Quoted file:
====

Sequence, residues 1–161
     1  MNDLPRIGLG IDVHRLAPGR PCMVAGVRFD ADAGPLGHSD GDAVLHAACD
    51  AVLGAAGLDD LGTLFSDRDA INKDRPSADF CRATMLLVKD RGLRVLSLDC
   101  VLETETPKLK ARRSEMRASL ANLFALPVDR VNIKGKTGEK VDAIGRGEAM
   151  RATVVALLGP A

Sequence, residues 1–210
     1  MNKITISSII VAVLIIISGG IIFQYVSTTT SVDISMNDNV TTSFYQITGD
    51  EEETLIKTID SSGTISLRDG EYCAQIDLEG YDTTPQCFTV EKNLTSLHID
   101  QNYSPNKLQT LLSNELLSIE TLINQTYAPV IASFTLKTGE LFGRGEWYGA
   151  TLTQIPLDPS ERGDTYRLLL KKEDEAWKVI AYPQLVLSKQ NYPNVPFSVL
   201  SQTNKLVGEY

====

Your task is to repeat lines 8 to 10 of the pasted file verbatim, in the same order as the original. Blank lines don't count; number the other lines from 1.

    51  EEETLIKTID SSGTISLRDG EYCAQIDLEG YDTTPQCFTV EKNLTSLHID
   101  QNYSPNKLQT LLSNELLSIE TLINQTYAPV IASFTLKTGE LFGRGEWYGA
   151  TLTQIPLDPS ERGDTYRLLL KKEDEAWKVI AYPQLVLSKQ NYPNVPFSVL